4. Faith Talk Failure: Completely Lost It!

Owen: “Are we finished yet?”
Sankie: “Can I play the Wii?”
Dad: “Boys, we’re in the middle of our faith talk. We haven’t even finished our questions or started the activity time! Everyone sit down and listen!”
Owen: “No! It’s my turn to play…you got to play a long time…”
Jack: “I want to play…” (falls off chair under table again–Owen walks off)
Sankie: “Hey…you can’t leave…you can’t play the Wii.”
Mom: “Jack get back in your chair and Owen get back over here!”
Dad: “That’s it…everyone’s in timeout!! No one’s doin anything fun for the rest of the night! And if you complain or move all the stuffed animals are headed to the trash! You boys can’t sit still for ten minutes without…(long pause)…well let’s close in prayer.”
Jack: “God.”

What follows is a close resemblance of either the prayer at the dinner table in National Lampoon’s: Christmas Vacation or the prayer by Clark after the dog and squirrel had chased through the house destroying his dreams of the perfect family togetherness.

5. Repentance (by the parents failing the faith talk)

We, the parents, sit with a glazed over thousand-yard stare that only trained snipers should have. The thoughts of “if only” and “why can’t our kids be _______” running through our heads. Add the guilt of “what am I doing wrong?” and “what if we never get this parenting thing down?” fill our hearts. Again, fear and frustration take over. Enter the grace of Jesus Christ. Repentance granted.

Do you ever start out with good intentions with your family and end up frustrated and breathing heavily? What correlations does parenting have with high blood pressure and barely missed strokes? What used to be relaxing, calm vacations have now turned into “Survivor: Family Mode.” Do you ever think up plans of being intentional with your family only to have them ruin it? Yeah, that seems to be part of God’s plan. For whatever reason, He decided to show us our continual dependence upon Him as we parent instead of allowing us to have perfect little robots who impress the socks off those around us. Or at least that’s the case with us.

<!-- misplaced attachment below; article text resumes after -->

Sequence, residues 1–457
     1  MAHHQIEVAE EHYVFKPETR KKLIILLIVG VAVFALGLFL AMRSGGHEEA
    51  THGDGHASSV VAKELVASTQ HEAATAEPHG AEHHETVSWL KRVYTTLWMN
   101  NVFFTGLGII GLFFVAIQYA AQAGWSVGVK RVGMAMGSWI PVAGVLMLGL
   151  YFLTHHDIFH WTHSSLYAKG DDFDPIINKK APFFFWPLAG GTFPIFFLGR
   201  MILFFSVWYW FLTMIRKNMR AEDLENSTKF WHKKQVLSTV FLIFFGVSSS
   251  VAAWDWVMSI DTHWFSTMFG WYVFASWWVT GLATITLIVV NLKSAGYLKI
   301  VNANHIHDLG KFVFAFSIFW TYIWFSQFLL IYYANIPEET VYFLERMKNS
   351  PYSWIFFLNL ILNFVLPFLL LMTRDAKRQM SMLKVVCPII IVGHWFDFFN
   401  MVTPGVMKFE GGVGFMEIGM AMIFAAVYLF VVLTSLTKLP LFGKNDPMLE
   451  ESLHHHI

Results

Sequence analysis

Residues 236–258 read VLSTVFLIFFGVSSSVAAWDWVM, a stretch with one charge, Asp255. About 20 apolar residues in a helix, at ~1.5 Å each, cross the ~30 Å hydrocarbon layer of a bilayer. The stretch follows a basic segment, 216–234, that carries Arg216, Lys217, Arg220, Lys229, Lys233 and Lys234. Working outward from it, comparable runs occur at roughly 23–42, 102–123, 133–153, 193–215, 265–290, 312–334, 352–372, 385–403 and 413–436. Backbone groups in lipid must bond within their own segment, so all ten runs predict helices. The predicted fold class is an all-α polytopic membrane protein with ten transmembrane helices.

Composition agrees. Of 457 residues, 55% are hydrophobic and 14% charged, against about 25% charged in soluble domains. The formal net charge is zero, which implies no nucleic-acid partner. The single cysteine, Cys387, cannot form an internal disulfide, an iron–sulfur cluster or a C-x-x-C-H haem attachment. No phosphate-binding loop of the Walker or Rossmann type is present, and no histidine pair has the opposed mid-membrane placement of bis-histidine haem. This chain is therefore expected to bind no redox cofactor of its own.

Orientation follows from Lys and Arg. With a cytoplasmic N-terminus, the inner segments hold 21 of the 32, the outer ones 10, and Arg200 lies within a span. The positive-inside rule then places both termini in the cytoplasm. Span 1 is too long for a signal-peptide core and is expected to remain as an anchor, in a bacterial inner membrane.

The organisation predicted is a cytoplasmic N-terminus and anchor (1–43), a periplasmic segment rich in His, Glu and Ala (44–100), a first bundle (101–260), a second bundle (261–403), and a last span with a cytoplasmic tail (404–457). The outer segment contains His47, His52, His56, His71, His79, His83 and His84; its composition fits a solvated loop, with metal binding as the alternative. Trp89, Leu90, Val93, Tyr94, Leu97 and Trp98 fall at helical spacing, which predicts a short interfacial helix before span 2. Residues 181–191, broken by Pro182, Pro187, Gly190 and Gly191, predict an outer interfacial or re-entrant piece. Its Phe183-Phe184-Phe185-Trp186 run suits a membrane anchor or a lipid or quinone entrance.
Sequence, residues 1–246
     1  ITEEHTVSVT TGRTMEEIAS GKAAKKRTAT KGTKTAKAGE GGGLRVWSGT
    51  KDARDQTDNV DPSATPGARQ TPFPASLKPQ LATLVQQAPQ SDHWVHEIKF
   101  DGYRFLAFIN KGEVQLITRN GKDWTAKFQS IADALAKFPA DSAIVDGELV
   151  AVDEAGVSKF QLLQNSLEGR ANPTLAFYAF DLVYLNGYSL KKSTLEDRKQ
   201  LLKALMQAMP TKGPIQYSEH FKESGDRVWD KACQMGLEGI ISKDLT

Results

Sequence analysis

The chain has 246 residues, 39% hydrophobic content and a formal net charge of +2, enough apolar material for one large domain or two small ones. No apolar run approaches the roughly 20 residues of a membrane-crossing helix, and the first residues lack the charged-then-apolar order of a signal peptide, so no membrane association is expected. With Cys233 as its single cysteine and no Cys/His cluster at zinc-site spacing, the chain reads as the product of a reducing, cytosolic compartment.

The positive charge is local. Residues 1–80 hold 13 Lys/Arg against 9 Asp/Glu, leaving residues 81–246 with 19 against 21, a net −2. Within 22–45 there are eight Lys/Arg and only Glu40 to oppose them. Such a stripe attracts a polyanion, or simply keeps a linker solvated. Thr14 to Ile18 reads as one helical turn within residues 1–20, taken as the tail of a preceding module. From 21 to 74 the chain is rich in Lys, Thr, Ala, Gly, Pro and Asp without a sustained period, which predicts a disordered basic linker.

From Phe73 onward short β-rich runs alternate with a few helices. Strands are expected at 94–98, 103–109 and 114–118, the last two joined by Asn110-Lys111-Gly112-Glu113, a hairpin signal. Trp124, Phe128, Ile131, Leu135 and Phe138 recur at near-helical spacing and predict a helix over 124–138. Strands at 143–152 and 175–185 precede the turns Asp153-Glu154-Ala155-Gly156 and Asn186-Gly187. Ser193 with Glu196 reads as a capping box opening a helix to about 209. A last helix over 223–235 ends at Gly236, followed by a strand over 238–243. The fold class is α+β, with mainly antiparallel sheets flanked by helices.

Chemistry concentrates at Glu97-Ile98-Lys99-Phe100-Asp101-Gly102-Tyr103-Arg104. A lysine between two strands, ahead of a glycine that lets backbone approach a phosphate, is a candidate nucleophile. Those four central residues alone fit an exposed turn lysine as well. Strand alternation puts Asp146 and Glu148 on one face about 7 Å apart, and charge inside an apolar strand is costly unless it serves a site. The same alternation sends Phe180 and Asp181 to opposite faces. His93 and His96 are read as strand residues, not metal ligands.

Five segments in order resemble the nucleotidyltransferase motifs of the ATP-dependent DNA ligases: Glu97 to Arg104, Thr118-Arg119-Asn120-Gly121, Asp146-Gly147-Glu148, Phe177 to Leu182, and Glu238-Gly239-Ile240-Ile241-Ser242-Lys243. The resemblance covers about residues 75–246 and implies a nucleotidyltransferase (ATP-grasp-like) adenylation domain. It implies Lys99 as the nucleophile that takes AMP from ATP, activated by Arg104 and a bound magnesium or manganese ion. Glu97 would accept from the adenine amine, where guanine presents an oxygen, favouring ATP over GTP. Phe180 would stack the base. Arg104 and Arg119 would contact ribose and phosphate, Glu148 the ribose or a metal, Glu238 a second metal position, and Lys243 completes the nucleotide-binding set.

We don’t have a perfect family. We don’t have perfect kids. They don’t have perfect parents. We’re not in the ballpark. Not even the region of the ballpark. Not even close. Life is messy. Parenting and discipleship get real messy. We continue to set goals and try really hard–but it rarely works out as it did in my mind before we started. I’ve got to be ok with that. I don’t want to be such a rigid parent that my children are perfectly still little robots who are possibly learning to fake external behavior (because daddy is bigger and enforces rules) while never understanding the heart change needed and provided through the gospel.